Exhibitions

Noriko Hayashi

10/10 Celebrating Japanese Women Photographers

Supported by KERING’S WOMEN IN MOTION

Curated by
Pauline Vermare,
Lucille Reyboz and
Yusuke Nakanishi

HOSOO GALLERY

A photo of Takiko Ide taken with her husband just before they left Japan to move to North Korea
in 1961. On this day, Takiko wore a Korean traditional dress “Chima Chogori” for the first time.

Portrait of Takiko Ide (1927–2016)
Born in Miyazaki Prefecture, Japan. She moved to North Korea with her Korean husband and their children in 1961.

Akiko Ota (b.1940–) looks at a print of Ishikawa Prefecture, her hometown. Since moving to North Korea in 1967, she has not been able to visit Japan.

Noriko Hayashi is a documentary photographer who focuses on social and gender issues. Her long-term project on Japanese wives living in North Korea explores conceptions of space, place, and personal history, looking at how these relate to individual and social memories. Hayashi’s work has been recognized internationally with awards such as the NPPA Best of Photojournalism, the Visa d’Or feature award at the Visa pour l’Image festival. She was also a finalist at the Alexia Foundation Professional Award and the Amnesty Media Awards. Noriko has published two photo books, AlakaChuu (National Geographic, 2014) and The Prayer of the Yazidis about the plight of Yazidis in Iraq’s civil war (Akaaka Art Publishing, 2016). Her work has been featured worldwide in publications like The New York Times, GRANTA, Stern, National Geographic, Marie Claire, Le Monde, Der Spiegel, and many others. She is represented by Panos Pictures, UK.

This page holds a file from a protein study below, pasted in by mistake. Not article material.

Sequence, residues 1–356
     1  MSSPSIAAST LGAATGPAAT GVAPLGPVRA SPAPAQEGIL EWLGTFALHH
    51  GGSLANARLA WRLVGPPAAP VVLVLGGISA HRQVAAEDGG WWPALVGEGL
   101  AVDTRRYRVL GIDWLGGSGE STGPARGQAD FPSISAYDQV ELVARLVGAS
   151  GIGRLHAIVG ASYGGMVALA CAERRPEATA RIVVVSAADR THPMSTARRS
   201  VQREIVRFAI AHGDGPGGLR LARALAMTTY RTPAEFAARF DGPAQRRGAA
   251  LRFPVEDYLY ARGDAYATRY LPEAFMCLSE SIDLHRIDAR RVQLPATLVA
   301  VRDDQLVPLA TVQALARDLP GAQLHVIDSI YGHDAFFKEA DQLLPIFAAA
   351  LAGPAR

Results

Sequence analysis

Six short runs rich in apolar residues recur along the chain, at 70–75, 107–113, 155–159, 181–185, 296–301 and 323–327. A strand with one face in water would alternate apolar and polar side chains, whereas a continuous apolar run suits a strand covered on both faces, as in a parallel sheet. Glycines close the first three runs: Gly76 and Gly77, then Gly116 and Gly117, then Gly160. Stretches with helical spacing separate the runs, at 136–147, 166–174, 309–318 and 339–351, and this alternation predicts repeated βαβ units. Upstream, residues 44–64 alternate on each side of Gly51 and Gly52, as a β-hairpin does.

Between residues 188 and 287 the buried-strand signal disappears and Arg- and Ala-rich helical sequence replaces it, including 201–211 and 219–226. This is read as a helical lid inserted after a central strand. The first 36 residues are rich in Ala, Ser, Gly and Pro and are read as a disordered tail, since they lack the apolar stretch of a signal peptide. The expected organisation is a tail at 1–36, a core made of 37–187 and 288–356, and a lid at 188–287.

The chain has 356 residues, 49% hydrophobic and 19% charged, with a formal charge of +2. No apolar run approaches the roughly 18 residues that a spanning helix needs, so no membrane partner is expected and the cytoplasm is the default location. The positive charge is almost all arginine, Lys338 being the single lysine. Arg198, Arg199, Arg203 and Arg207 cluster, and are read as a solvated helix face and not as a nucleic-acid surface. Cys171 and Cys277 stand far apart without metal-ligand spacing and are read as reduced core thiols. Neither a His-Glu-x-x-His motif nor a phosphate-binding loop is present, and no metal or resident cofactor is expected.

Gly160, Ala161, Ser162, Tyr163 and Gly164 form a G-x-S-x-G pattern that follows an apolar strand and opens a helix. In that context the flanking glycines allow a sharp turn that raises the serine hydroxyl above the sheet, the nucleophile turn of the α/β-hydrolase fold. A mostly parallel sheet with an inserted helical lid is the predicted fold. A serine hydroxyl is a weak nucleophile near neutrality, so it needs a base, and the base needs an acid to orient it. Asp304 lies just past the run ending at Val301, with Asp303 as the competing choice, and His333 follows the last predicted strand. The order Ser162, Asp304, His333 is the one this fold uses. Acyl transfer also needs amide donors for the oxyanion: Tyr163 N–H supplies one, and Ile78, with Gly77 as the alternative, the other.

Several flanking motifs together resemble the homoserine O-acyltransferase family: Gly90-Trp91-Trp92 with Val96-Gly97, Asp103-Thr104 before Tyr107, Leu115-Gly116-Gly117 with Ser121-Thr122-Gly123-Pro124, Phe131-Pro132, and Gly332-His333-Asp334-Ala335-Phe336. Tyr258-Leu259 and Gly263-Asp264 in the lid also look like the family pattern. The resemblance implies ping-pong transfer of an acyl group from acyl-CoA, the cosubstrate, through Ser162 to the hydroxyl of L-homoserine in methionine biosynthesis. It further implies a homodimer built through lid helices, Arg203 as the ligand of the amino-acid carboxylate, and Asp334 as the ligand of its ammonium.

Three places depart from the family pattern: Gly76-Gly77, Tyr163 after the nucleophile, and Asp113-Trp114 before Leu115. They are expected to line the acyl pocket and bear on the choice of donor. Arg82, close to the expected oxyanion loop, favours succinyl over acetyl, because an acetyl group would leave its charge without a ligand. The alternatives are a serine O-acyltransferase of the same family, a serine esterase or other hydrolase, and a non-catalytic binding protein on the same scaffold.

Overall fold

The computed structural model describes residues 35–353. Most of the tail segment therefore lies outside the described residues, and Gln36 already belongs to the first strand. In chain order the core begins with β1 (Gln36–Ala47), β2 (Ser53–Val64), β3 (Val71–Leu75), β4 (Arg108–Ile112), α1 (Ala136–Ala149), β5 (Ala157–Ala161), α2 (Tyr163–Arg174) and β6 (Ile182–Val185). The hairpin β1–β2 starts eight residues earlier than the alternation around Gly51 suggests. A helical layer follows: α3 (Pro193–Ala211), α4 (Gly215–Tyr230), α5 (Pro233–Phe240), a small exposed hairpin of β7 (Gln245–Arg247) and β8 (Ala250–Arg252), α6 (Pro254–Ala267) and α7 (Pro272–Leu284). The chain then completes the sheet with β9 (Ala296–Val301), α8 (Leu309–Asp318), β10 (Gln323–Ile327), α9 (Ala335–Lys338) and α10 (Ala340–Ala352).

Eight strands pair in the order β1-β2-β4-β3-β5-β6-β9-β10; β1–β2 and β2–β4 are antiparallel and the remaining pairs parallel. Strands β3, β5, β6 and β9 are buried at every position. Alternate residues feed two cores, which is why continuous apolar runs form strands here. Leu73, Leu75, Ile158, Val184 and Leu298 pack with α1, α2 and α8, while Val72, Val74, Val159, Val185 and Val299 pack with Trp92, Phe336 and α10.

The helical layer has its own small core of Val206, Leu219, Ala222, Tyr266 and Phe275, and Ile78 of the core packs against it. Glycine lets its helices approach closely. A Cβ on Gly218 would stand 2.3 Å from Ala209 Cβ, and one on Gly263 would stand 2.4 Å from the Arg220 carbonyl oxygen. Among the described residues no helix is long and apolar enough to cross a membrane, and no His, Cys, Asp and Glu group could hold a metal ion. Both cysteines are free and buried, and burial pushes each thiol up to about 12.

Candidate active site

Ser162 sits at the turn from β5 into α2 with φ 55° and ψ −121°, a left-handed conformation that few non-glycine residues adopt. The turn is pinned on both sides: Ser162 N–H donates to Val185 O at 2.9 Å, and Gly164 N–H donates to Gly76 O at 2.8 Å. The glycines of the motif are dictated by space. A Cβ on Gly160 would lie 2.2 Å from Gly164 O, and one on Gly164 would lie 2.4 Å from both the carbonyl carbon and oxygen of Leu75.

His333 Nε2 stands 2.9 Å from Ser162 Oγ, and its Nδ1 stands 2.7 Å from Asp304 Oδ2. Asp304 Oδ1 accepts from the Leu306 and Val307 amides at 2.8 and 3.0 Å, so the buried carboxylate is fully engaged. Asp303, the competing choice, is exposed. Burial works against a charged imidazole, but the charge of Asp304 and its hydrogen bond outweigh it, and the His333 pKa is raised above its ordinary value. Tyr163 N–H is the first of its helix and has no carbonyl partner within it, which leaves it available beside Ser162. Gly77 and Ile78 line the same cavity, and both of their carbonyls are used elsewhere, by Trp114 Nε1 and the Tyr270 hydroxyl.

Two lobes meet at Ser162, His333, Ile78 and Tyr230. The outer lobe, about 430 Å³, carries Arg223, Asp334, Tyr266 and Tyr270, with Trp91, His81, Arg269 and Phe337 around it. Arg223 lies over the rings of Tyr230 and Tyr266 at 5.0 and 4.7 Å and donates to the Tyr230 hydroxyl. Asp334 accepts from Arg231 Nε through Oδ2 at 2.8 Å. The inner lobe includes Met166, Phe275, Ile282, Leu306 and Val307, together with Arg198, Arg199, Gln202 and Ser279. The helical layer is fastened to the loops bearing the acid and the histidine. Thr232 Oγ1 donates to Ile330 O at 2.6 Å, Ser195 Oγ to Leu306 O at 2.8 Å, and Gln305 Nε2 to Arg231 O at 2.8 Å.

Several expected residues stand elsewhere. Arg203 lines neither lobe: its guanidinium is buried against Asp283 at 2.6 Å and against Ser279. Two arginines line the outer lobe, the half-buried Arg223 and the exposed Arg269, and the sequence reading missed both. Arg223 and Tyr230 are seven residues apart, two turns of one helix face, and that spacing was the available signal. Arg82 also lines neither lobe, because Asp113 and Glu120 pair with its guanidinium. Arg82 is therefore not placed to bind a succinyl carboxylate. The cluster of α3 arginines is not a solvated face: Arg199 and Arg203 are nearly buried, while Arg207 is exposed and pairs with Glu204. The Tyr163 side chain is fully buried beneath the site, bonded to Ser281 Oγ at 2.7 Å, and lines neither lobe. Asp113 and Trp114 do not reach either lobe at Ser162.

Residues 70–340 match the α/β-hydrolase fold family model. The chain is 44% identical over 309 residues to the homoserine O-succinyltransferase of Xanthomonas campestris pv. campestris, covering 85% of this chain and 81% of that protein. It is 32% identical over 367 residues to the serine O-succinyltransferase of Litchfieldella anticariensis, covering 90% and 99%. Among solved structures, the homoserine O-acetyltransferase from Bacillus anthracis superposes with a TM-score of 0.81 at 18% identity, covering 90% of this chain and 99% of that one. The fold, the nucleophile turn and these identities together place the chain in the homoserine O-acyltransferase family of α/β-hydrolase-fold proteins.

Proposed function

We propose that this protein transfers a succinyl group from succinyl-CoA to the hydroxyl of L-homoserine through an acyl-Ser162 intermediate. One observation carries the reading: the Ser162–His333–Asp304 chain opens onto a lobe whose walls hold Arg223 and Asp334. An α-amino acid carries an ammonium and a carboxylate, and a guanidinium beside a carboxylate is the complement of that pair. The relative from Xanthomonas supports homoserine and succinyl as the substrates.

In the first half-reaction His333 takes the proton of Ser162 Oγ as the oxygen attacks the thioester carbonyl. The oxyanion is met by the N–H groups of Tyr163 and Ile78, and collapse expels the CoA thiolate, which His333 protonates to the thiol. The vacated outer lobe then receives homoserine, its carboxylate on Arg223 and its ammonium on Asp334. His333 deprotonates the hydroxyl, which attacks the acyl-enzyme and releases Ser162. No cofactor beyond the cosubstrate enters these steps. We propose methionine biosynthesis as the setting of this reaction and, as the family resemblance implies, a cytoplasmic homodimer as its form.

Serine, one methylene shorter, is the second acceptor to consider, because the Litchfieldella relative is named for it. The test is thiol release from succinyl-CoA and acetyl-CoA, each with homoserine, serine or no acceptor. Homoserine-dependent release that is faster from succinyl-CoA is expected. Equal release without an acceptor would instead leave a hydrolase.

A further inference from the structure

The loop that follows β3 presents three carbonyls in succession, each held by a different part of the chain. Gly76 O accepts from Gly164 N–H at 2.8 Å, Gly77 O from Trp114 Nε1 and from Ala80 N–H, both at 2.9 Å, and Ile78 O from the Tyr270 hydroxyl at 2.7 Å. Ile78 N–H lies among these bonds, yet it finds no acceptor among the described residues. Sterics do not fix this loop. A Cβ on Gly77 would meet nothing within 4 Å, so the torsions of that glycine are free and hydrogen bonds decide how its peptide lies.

10/10 Celebrating Japanese Women Photographers
Co-curated by Pauline Vermare, Independent curator and photography historian (formerly cultural director of Magnum Photos and curator at ICP, New York) and Co-founders/Co-directors of KYOTOGRAPHIE, Lucille Reyboz and Yusuke Nakanishi. Through the series shown in the exhibition, we see a reflection and perspective distinctive to each photographer, whether they are living and working in Japan or abroad. These powerful images will be presented in a scenography that embodies the KYOTOGRAPHIE spirit and gives each artist her own customized space, thanks to versatile and sustainable structure, conceived by Kyoto-based designer and architect Hiroyasu Konishi.

This exhibition is supported by Women In Motion, a Kering program that shines a light on the talent of women in the fields of arts and culture. Since 2015, Women In Motion has been a platform of choice for helping to change mindsets and reflect on women’s place and recognition across artistic fields.

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